They troll the internet for all news on Zimbabwe, and put a spin on said news so that it is negative. And they are inventive. It is they that come up with those airplane hire charges to make claims that the President paid $2 million to fly from Harare to Bulawayo. And how do they do this: easy. They simply google plane hire charges in the USA, and extrapolate those to here.

Negative news that is reported because it has happened I can deal with. People being swept away from their homes by a cyclone is news we should know about, so that we review our zoning and planning regulations, even in the rural areas. Someone being run over by a truck because he tried to cross the road underneath it at a stop sign we should know about, so that the relevant ministry can take a serious look at the scourge of jaywalking in this country: it really is out of control.

But, manufactured bad news fills our news sources. Not lies from journalists per se, because those you learn to sift through, but manufactured facts. Like the fact that an eminent judge with a distinguished career is reduced to someone’s wife.

Like the fact that a donation from well meaning foreign friends gets upgraded to state capture. Like the fact that a thug who assaults their employee and deserves jail is upgraded to a “Zanu-PF bigwig”, without any reference to an elective position that he holds in the revolutionary party he doesn’t.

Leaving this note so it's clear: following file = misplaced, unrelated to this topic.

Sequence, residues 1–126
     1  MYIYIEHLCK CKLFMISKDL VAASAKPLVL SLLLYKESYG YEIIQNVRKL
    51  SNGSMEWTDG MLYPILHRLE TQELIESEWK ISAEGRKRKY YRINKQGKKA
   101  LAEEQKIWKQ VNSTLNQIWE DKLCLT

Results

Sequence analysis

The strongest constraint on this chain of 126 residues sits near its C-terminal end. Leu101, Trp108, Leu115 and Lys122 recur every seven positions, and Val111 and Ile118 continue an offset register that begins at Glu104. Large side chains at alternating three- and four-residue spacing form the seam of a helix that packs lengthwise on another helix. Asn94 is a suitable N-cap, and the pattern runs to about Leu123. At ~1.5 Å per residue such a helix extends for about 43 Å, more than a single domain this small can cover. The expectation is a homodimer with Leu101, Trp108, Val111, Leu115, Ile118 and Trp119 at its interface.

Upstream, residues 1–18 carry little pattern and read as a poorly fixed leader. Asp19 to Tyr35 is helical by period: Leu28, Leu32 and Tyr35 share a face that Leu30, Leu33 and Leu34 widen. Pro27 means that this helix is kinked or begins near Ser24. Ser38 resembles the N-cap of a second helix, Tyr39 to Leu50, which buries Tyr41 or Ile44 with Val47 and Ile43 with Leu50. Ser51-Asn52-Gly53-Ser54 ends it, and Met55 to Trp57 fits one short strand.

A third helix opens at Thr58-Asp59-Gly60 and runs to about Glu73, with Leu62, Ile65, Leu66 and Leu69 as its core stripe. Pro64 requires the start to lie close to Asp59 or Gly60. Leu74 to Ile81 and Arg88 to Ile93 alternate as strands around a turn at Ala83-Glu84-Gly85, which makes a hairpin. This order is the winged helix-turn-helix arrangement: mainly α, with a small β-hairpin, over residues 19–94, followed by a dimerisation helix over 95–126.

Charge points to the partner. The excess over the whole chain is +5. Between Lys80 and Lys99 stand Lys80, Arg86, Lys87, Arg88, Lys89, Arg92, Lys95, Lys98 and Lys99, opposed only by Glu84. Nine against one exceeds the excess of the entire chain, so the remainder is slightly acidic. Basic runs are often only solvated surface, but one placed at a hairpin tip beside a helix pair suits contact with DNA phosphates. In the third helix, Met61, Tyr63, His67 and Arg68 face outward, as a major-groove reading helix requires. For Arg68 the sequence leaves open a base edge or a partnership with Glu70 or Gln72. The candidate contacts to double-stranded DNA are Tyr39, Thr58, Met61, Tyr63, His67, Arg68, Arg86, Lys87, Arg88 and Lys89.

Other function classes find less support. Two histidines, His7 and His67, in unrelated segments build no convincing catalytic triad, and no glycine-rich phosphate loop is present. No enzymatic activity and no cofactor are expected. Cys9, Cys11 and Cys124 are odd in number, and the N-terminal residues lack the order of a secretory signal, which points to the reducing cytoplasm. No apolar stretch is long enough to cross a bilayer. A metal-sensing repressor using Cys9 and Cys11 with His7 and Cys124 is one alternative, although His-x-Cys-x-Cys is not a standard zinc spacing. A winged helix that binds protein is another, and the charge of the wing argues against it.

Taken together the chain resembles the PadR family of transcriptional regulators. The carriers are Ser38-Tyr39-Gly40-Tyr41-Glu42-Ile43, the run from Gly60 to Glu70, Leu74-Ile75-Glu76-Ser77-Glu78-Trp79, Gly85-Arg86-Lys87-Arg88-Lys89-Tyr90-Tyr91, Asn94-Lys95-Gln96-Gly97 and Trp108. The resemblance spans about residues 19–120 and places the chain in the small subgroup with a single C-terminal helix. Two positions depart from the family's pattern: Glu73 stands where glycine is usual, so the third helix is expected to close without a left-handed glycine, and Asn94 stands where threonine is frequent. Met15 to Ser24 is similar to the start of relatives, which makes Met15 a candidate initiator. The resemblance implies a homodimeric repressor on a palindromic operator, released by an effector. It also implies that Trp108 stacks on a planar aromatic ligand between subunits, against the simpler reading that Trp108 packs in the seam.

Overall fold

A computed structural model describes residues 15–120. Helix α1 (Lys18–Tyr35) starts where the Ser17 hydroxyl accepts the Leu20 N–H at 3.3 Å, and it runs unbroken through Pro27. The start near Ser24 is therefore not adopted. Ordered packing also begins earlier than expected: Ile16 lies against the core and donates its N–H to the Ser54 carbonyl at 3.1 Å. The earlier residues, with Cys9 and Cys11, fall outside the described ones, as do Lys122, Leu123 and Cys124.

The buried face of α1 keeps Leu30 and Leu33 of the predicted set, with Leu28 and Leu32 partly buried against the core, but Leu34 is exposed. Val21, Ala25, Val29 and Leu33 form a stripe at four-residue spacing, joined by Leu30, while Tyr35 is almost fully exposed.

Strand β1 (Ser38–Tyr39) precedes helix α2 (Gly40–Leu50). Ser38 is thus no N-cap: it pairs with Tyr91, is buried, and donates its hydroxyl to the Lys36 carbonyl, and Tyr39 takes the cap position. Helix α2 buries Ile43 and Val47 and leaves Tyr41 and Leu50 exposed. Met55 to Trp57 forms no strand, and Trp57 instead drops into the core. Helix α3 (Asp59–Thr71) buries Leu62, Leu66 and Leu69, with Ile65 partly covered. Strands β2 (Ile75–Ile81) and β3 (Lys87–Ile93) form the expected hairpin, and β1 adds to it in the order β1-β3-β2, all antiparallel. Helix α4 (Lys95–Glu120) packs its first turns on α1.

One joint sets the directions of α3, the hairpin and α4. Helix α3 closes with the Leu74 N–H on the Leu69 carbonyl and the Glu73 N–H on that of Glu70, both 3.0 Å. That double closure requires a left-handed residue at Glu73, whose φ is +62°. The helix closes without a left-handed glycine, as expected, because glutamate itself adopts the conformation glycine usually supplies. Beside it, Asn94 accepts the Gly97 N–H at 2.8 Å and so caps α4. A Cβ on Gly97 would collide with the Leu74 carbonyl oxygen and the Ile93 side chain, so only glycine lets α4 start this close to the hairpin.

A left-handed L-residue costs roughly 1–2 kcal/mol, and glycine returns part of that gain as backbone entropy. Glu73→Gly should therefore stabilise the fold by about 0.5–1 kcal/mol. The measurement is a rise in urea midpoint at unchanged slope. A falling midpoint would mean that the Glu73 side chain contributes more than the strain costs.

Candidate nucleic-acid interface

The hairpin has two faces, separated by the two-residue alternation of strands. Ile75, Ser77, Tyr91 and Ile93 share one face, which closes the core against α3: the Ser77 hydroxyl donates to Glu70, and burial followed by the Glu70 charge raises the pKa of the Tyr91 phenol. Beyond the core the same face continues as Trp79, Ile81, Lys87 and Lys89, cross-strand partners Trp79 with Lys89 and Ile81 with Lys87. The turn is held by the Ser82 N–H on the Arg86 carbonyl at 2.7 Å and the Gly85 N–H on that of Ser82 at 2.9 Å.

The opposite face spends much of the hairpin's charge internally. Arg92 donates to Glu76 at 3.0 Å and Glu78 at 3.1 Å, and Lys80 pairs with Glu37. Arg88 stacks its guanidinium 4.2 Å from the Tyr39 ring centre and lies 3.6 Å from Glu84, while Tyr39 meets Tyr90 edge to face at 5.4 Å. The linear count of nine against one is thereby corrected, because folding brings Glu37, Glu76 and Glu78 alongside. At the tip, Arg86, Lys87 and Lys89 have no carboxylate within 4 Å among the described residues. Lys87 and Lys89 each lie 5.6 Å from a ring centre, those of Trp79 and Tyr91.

Like when a private visit by a former head of state arranged by a serial attention seeker is reported as evidence of the Government snubbing the visitor.

We have become addicted to negativity, and cannot tell good stories. And by God there are some good stories. Yes, some satellite schools did very poorly and that needs fixing, but we have a little girl from one such school who got 6As and is now doing A’ Level at a boarding school.

Several of her classmates also got As. Hers is not an isolated story, let us hear about them. Yes, we have roads that were swept away by the cyclone, but have you seen how many roads the Ministry of Transport has been macadamising? Yes, we have the cricket team missing out on the World Cup, but the netball, football, women’s rugby teams are all flying our flag high.

It is possible that those addicted to bad news will say: these things are not important, they are not the bread and butter issues. But they are wrong. These are in fact the things that matter.

We have become so politicised that everyone with a pulse wants to be a President, but life is not just politics. It is about children passing schools, about finding the person with ZIANA and offering him something he needs to trade with for stories, it is about dreaming of dredging the Save river, about building cities in the Zambezi valley, yes, about impossible dreams like that. Sadly though, we all want to analyse the by-election results from Cowdray Park and mourn about phantom rigging and poor services.

Sometimes, we are our own worst enemies. Sadly, that is no longer news.

You Might Also Like


Take a survey

We value your opinion! Take a moment to complete our survey